Calgary’s hottest new chef engineers delicious dishes at intimate downtown restaurant
In a food world fuelled by celebrity chef personas, reality TV cooking competitions and cookie-cutter restaurants, some-times it’s hard for the little guy to get noticed. But Jared Alvey, executive chef of Calgary’s aptly named Petite Restaurant, is proving that in this industry bigger isn’t always better. Alvey is emerging as a leader among the new generation of cooks and culinarians — he was named Chef of the Year in Western Living magazine’s Top 40 Foodies (Under 40) report. Add in the fact that he’s a graduate of the Culinary Institute of America, an avid supporter of the local food movement in Alberta and doing it all at the tender age of 25, and you’ve got a recipe for success.
It wasn’t always this way though. As of this September, Alvey was supposed to be studying engineering at the University of Calgary. “I actually took a hiatus and worked for my uncle,” he says of quitting cooking for a year, after graduating from the CIA in 2005 and then working in top restos. “I was sick of the food scene. My whole family is engineers so I upgraded my courses for school and registered to go back to university.”
However, when a friend in the Calgary restaurant business called in a favour, Alvey helped him plan a new kitchen. While doing so, he says he was introduced to sommelier Jackie Cooke, who was looking for a chef at a new restaurant she was launching with her partner, Kirk Shaw. Something prompted Alvey to offer up his services. “She didn’t know who I was and looked at me like I was this little punk,” he says, laughing.
After cooking for them at their house, Alvey was offered the job of executive chef at Petite. Today, he oversees lunch and dinner in the 28-seat dining room with a kitchen brigade of just two. His kitchen is so small there isn’t even room for a walk-in fridge, so he shops the local markets each day. Since Alvey modifies the menu every two weeks, his patrons are used to an ever-changing selection of dishes. Regardless what ends up on the plate, he says his dishes blend together classical French techniques with seasonal inspirations.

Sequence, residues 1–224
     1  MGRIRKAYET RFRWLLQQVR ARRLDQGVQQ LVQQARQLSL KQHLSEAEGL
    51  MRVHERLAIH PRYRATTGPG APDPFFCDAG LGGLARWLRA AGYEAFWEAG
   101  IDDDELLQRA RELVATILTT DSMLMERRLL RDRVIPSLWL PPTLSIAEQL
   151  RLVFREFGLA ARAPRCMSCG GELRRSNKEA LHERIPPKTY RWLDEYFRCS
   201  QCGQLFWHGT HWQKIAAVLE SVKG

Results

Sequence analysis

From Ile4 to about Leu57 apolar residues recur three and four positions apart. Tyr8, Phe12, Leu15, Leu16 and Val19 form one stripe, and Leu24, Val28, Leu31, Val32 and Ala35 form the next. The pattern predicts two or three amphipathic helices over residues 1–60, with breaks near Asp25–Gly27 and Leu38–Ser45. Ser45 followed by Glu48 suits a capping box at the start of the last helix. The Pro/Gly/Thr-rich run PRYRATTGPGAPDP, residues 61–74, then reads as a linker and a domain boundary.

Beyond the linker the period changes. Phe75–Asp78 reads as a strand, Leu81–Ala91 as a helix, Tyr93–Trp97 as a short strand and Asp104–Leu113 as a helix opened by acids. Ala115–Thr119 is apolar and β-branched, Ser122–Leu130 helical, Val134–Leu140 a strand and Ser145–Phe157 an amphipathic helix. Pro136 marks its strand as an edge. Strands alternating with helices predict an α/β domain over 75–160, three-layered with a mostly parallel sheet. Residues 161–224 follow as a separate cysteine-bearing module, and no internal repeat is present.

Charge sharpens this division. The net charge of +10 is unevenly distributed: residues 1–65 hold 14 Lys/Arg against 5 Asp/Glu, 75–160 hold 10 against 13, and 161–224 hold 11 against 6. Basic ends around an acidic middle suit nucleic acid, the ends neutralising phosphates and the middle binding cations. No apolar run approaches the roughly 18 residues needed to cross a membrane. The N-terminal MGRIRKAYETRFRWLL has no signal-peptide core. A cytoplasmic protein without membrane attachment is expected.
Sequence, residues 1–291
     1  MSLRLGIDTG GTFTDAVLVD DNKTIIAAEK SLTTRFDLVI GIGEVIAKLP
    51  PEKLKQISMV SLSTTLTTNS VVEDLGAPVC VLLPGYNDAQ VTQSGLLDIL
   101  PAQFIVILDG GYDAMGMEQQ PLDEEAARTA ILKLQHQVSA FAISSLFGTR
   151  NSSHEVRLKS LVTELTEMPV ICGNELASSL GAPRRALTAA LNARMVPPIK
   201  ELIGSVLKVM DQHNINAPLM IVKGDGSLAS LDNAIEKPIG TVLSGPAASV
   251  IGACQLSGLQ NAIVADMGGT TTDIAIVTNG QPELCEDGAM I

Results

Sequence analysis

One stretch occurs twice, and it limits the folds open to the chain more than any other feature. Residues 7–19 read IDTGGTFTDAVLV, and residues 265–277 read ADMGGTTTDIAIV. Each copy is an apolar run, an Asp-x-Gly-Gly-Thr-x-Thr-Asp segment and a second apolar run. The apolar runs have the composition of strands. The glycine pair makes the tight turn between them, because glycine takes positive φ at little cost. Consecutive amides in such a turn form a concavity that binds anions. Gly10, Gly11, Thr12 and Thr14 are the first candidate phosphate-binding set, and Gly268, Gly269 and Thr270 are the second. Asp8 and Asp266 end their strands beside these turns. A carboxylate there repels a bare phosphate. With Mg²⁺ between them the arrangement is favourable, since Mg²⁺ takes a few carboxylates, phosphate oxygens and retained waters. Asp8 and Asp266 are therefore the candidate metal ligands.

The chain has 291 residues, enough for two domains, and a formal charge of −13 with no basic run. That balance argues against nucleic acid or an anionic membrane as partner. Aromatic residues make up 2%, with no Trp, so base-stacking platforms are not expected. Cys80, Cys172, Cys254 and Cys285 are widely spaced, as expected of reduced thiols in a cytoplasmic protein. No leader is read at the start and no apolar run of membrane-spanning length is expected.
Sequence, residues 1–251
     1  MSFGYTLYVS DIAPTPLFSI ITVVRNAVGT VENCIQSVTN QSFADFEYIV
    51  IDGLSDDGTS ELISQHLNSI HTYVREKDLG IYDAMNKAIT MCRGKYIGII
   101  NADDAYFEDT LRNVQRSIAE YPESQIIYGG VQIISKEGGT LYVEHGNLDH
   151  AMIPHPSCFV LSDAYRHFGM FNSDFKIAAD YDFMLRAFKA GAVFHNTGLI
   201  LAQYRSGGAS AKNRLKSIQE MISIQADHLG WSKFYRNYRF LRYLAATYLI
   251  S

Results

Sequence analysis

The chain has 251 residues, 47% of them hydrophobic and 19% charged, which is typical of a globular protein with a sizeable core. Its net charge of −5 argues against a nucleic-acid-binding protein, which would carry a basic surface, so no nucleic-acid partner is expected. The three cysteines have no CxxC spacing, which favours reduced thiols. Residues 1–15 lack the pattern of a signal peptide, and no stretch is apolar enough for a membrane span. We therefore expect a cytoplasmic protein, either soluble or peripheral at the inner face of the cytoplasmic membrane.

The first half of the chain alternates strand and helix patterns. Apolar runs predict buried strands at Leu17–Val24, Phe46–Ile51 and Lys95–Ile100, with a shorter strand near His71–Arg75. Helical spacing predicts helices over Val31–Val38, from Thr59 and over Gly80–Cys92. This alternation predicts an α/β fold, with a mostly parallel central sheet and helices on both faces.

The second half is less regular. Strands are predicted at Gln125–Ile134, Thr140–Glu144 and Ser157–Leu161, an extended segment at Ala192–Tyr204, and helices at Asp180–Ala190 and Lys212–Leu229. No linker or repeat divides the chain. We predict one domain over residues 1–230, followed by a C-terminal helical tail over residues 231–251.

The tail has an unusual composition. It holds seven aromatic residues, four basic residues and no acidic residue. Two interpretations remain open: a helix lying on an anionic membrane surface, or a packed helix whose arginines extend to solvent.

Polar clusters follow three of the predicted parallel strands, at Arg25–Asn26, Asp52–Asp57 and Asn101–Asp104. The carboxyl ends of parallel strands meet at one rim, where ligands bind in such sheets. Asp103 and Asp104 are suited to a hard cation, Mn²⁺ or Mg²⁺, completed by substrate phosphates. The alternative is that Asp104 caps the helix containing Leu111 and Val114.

“None of my food is super pretentious,” he says of dishes like bison sirloin with eggplant caviar and Cabernet jus ($25) and white peach tart tatin ($8). “It’s super bistro-y food but not highfalutin’ stuff — just good cookin’ that everyone can relate to.”
Alvey has helped build of a sense of community through Petite by hosting a chef’s table event on the last Sunday of each month, creating special menus for winemakers’ dinners and participating in Calgary food festivals. He also eagerly mentions that teaching the culinary arts is something he would love to explore in the future, through an expansion of Petite into a cooking school.
Above all, Alvey’s sense of youthful energy is injected into all of his endeavours. While he still contends that going back to school for business studies may be in the cards, Alvey admits that being a chef at Petite has re-kindled his love for cooking.
“Not to sound too cheesy, but this is my calling,” he says. “I thought I’d give it one more go. Thank God I did because I’m having a blast.”
Photography by Roth and Ramberg